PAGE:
Friday, January 10, 2014


Up date: 1/22/2015 Last year the Great Lakes froze over in one of the coldest winters on record for many years. We covered that event in the article republished below. This year at mid January the Great Lakes once again are not fully frozen and the media talk of "global warming has resumed. We explored what's really going on and report our results in the red letter updates to this article:


  NAMAZU, 3,000 year old giant Japanese Catfish and former demigod turned analyst holds forth on a recent climate event.

 Greetings bipeds and a special greeting to all of you bipeds in North America. I have been monitoring the maritime aspects of your recent cold spell. ( His catfishness is talking the 2014 winter here)  The "Polar Vortex" really put a damper on your Great Lakes and many parts of your extensive inland shipping. I'd like to share my perspective of the event in terms of my 3,000 year memory. First as your English speaking wag Shakespeare was wont to say "a rose by any other name".... , I hope you aren't too perplexed by the introduction of the term "POLAR VORTEX". In the 1960s and 70s when many of you under the age of forty or so weren't yet born, there were about a half a dozen events of similar magnitude. The old folks of the DEEP SOUTH simply called them "Blue Northers", an infrequent but not unheard of event that could send subfreezing temperatures for a brief period all the way down to the Gulf Coast of the United States and deep into Florida.  Of course when these "Blue Northers" hit the Gulf Coast with night time temperatures mostly extending  2 to 8 degrees below  freezing what hit the North were single digit and below zero temperatures. Back then some local Southern TV weather analysts actually termed the event a "Blue Norther", but the national media coined the term "ARCTIC EXPRESS" as a popular term for describing the somewhat unusual set of steering currents and other converging weather elements that sometime combine to send extraordinarily cold weather exceptionally far south. Don't get thrown by the use of the term "POLAR VORTEX ". Some media wag looked up the more scientific term for these well known events and "Polar Vortex" became the standard displacing "Blue Norther" and "Arctic Express" which wasn't too difficult since those terms hadn't seen much use in recent years. I would bet you that this year's originator of the term was a twenty something journalists who came up with it in minutes on Google.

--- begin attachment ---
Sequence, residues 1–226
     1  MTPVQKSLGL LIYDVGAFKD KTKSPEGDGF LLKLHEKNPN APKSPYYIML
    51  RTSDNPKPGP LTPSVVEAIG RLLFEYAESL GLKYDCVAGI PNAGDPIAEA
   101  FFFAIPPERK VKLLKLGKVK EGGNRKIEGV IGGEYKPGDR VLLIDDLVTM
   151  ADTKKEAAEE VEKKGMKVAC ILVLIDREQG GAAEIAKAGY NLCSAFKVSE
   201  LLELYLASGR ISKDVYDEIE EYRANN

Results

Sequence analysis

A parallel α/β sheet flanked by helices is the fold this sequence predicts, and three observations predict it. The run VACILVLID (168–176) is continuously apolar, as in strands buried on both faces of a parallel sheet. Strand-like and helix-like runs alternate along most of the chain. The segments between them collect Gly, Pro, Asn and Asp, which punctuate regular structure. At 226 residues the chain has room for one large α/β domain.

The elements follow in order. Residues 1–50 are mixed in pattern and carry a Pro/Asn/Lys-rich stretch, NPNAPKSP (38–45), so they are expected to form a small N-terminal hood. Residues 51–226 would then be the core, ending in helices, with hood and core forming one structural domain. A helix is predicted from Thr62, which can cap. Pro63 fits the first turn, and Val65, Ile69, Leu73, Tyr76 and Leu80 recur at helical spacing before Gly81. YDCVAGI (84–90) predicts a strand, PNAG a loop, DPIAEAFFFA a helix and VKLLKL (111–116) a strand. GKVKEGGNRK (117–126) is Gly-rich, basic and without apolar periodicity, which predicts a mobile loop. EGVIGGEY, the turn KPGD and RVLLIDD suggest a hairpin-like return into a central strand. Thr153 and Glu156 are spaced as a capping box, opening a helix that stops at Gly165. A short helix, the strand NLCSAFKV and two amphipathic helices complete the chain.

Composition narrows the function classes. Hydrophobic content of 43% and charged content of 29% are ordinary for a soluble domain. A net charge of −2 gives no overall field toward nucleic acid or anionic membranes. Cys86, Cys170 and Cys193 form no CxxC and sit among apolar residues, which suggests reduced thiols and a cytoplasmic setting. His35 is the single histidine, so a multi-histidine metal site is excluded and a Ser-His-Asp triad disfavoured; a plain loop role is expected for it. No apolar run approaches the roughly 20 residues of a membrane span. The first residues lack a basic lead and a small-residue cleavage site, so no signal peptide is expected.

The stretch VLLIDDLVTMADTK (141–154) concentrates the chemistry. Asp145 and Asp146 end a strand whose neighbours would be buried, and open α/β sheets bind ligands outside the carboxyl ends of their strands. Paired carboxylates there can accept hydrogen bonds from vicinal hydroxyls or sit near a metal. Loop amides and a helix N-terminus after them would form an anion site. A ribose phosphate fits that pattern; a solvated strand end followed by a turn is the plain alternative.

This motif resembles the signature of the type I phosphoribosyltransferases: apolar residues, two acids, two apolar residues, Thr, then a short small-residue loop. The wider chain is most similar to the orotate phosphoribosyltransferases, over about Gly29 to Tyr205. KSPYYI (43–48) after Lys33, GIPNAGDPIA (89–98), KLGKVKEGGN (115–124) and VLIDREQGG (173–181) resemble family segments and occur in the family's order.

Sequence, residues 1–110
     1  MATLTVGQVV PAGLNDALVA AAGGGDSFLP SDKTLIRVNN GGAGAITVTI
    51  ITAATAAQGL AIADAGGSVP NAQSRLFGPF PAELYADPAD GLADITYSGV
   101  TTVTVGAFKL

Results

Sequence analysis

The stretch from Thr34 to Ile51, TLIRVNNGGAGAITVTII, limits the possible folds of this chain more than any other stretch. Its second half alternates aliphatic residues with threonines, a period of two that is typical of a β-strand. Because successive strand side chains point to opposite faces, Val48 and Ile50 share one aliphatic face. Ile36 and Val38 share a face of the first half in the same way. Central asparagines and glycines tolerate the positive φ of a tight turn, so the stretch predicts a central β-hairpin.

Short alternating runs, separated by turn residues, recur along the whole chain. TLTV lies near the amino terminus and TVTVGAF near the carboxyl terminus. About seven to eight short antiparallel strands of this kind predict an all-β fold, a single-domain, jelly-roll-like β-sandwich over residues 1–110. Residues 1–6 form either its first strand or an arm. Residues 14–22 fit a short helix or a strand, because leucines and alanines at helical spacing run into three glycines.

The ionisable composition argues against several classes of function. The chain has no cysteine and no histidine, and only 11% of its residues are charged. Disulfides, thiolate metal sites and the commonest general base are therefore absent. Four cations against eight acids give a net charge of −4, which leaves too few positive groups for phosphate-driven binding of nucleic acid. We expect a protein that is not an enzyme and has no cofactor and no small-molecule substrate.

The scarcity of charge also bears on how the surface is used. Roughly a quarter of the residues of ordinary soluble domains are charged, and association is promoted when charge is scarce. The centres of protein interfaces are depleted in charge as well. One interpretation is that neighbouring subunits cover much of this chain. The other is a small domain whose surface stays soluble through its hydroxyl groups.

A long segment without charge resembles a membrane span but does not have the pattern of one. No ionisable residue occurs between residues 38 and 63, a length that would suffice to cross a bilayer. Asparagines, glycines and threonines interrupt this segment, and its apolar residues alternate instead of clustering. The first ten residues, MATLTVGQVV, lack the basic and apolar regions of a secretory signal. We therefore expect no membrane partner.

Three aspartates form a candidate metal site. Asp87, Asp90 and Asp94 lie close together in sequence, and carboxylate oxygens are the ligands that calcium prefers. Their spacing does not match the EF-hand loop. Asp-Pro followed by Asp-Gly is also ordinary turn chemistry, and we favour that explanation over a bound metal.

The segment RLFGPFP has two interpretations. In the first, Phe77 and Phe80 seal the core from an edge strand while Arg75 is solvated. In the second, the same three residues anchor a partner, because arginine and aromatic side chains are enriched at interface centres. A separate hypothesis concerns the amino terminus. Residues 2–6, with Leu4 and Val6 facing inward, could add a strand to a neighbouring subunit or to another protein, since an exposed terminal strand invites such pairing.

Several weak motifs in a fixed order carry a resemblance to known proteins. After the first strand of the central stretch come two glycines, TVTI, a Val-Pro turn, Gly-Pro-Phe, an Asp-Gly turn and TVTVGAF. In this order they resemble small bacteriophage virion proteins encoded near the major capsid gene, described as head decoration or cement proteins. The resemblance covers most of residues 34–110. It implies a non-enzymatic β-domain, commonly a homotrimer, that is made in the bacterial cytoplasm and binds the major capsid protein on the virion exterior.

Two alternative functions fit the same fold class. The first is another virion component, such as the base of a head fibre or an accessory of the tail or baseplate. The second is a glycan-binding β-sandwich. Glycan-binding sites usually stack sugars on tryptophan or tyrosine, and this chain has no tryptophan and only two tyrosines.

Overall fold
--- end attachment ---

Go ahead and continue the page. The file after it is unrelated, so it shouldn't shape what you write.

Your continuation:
Don't worry, the Polar Vortex is a perfectly natural part of the Earth's "HEAT BUDGET". It is an extreme event like a hurricane, but just a weather event not a signal of climate change. ( We checked the Great Lakes Ice Cover record from about 1973 to 2012 at NOAA's Great Lakes.  Environmental Research website. As usual the Catfish is spot on. Since 1973 we counted 16 times that the Great Lakes achieved nearly 90% ice cover or more and 6 time that they averaged 25% or less. Most years were somewhere in between those extremes. This is a bit of an over generalization however since no two lakes exhibited exactly the same percentage of ice cover) You can think of a hurricane as an extreme heat bubble leaving the tropics which would literally burn up without the global atmospheric and ocean circulatory systems that regulate the global temperatures. That circulatory system has some relief valves as it were for dissipating extreme temperatures. In the event of the Polar Vortex (ex "Blue Norther", ex "Arctic Express") the cold generator for the North American winter shifts from the more usual plains of Alberta (hence the "Alberta Clipper" designation associated with most cold fronts hitting the Mid Atlantic States and regions northward) to the colder north central Alaska region where the air is much more frigid and Arctic influenced. Aided by a change in higher atmospheric steering currents from the prevailing "westerlies" to more of a north north west to south south east flow this "heavy" cold air plunges very far south. It can often deliver extreme cooling effects right into the tropics where it doesn't freeze at lower elevations but those of us 60 and over can remember Castro making public appearances in Cuba in an army field coat, usually far more clothing than anyone would want to wear in a normal Havana January temperature in the 80s F. Think of it as an extreme "burp" of cold air. Sometimes the constantly circulatory systems that govern global temperatures get a bit overwhelmed and "pop a relief valve" giving us a weather phenomena like a "Polar Vortex or a hurricane or tropical storm. For a visual understanding of at least the ocean current portion of the global heat budget take a few moments and visit this site on YouTube: GLOBAL CURRENTS PICTORIAL then either click the back arrow or close to return here.